Building the EAS is not simply about backroom Brussels politics and bureaucratic infighting. It is about giving Europe the means to punch its weight in a changing world
Response to the Haiti tragedy; the struggling mission in Afghanistan; the economic crisis. The west is in a ’20 year crisis’.
Western governments need to show they are getting serious. Otherwise we will end up with another Copenhagen.
The EU needs to take a good look at its relations and position in the world ? Lady Ashton is well placed to integrate its strengths
ECFR publishes a collection of views from key Russian intellectuals
Open letter: Twenty years after half of Europe was freed, a new wall is being built – across Georgia
The next generation of EU technocrats will need to be populists as well
With the pivotal change of leadership in Washington, the US and the EU may have an ideal moment to strengthen the US-EU institutional bond
Once he enters office, President Obama will bring a profound challenge to the comfortable introversion of many EU governments
Europe’s covid-19 experience has been a tale of two pandemics – and the differences in each story could haunt the continent for many years to come
To engage more confidently with a world that is changing, outward-looking Germans need to shape a progressive new national identity before it is defined by the forces of isolation and exclusion
The EU should become a global standard-setter for the energy transition, and prepare to manage the profound geopolitical repercussions of the Green Deal in its relationships with its neighbourhood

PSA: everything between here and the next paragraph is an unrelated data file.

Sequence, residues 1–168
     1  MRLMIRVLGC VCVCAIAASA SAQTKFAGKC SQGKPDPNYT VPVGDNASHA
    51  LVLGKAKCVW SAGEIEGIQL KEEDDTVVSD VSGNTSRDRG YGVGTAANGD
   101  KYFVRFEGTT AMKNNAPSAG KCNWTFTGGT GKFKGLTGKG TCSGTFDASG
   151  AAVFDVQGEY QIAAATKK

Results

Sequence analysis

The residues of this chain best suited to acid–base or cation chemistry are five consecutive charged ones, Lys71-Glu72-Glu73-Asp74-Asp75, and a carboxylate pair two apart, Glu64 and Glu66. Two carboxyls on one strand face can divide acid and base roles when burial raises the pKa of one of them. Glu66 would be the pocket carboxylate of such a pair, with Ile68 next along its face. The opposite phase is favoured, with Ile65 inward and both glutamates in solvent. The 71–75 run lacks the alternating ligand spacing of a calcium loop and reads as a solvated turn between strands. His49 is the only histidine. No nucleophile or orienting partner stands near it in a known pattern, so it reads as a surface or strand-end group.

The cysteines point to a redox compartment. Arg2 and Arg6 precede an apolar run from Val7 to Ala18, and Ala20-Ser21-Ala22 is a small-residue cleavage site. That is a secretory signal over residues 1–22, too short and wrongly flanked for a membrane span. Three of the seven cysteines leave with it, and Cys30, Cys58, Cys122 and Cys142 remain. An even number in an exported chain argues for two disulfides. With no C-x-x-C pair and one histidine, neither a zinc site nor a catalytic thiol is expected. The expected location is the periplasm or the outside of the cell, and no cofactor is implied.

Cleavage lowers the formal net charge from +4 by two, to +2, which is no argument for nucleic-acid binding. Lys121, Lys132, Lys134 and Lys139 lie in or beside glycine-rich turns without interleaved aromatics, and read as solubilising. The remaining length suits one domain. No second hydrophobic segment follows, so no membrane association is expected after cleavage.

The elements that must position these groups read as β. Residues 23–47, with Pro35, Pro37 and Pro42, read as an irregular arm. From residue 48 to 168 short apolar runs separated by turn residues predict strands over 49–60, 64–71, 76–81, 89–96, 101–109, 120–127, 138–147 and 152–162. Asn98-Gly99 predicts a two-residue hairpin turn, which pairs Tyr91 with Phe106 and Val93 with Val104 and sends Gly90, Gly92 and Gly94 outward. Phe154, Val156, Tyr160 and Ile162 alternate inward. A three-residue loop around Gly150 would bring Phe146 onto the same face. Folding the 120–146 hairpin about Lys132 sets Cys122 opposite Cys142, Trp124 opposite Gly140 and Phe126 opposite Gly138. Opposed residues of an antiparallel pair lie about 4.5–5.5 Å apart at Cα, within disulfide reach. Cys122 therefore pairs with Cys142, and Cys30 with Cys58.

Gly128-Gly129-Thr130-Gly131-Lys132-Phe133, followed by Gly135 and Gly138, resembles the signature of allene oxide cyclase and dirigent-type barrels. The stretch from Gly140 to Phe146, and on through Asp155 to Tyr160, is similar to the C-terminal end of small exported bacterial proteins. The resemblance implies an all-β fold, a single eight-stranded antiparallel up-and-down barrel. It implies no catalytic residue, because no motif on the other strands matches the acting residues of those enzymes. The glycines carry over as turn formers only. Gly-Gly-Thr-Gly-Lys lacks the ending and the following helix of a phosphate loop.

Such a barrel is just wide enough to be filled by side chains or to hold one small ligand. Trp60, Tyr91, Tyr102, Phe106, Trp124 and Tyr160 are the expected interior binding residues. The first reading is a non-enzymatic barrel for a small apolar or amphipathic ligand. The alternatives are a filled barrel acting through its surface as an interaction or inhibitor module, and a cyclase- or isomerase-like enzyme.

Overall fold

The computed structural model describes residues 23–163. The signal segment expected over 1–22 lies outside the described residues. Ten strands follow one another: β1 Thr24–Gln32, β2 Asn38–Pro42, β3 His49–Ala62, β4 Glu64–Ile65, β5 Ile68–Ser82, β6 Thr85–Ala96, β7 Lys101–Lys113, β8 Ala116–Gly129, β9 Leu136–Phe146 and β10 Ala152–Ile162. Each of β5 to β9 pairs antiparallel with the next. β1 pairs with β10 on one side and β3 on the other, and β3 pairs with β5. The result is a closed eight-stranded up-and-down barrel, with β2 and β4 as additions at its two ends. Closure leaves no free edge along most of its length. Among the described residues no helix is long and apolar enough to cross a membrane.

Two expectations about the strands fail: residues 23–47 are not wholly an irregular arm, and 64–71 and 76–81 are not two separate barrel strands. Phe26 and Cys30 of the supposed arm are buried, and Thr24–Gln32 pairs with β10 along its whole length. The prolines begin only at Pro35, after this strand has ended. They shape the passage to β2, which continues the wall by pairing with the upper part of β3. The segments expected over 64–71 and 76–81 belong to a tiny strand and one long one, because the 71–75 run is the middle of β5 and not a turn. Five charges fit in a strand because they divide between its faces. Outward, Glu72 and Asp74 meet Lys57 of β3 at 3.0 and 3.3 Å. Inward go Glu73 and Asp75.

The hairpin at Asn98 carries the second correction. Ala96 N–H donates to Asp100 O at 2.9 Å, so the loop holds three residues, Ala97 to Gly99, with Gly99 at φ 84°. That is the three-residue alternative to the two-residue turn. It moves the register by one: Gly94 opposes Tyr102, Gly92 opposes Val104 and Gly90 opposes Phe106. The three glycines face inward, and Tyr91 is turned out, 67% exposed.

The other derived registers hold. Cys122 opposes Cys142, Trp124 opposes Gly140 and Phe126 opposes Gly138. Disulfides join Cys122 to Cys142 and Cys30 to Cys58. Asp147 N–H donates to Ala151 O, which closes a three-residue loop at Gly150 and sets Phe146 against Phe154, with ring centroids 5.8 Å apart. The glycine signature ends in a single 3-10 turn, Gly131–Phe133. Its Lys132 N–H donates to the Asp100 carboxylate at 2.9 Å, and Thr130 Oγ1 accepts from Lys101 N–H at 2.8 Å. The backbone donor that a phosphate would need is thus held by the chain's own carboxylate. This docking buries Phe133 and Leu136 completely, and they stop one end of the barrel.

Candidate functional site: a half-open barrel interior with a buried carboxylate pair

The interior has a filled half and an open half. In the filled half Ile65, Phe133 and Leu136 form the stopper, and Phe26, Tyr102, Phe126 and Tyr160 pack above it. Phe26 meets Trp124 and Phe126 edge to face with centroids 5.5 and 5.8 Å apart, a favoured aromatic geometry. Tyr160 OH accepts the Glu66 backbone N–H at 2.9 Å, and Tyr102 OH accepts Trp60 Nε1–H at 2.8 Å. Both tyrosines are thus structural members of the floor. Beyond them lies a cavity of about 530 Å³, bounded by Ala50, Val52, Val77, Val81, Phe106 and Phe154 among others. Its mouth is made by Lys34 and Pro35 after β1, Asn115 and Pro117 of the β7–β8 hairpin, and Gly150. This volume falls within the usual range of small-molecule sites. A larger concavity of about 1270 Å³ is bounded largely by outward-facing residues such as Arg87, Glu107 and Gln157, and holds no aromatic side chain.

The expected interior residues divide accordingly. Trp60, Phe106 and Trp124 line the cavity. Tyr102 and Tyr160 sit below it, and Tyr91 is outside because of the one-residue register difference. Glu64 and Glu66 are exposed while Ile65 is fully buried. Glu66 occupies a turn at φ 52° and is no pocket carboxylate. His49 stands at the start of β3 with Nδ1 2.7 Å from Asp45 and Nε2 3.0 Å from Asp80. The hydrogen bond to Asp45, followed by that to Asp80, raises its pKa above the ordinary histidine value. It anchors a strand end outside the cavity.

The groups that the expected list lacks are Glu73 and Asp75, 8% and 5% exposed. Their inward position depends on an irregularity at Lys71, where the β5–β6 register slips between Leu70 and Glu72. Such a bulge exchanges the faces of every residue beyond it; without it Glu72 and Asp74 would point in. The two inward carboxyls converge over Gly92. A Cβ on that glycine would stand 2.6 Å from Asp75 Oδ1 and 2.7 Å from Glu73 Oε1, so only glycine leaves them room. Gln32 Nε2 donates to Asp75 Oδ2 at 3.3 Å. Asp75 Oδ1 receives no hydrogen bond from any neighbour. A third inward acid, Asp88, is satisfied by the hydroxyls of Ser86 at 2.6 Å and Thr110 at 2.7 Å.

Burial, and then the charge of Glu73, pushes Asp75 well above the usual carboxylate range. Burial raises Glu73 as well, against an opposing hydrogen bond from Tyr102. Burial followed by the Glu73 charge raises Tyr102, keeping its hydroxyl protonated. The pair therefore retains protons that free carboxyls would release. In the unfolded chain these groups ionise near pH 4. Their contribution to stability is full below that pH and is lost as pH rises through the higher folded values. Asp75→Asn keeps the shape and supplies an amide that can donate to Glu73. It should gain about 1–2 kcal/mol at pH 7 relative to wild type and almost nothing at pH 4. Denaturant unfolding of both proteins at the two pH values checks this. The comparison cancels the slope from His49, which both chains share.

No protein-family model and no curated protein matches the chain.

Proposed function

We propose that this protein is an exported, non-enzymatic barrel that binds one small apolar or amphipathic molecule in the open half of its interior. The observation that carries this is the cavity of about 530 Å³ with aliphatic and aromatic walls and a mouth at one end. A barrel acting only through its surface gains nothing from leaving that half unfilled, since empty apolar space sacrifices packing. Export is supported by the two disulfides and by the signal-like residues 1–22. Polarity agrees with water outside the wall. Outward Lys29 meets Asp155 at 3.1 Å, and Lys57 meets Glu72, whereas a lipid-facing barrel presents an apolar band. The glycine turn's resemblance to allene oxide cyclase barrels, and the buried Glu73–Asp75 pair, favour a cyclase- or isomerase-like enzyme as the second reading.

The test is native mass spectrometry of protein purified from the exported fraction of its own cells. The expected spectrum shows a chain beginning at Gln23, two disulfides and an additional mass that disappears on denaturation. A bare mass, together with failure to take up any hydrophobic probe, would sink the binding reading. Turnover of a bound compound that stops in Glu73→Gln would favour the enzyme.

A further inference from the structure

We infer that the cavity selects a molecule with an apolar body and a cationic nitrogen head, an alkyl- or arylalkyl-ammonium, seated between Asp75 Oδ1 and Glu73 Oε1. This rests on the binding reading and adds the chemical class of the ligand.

Most Europeans rejoiced at Joe Biden’s victory in the US presidential election, but they do not think he can help America make a comeback as the pre-eminent global leader
To manage in this new world, the EU and its members need to embark on a broad-based effort to recover their strategic sovereignty
The Trump years galvanised Europeans’ efforts to strengthen their own sovereignty; they now need to agree concrete offers they can make to the new administration
The shock of covid-19 in Britain may end the culture-wars politics set off by the Brexit referendum
New research reveals that the crisis has revolutionised citizens’ perceptions of global order – scrambling the distinctions between nationalism and globalism
Introduction The last five years have not been kind to the European Union’s foreign policy. The EU has been less relevant, less active, and less…
The EU needs to learn to think like a geopolitical power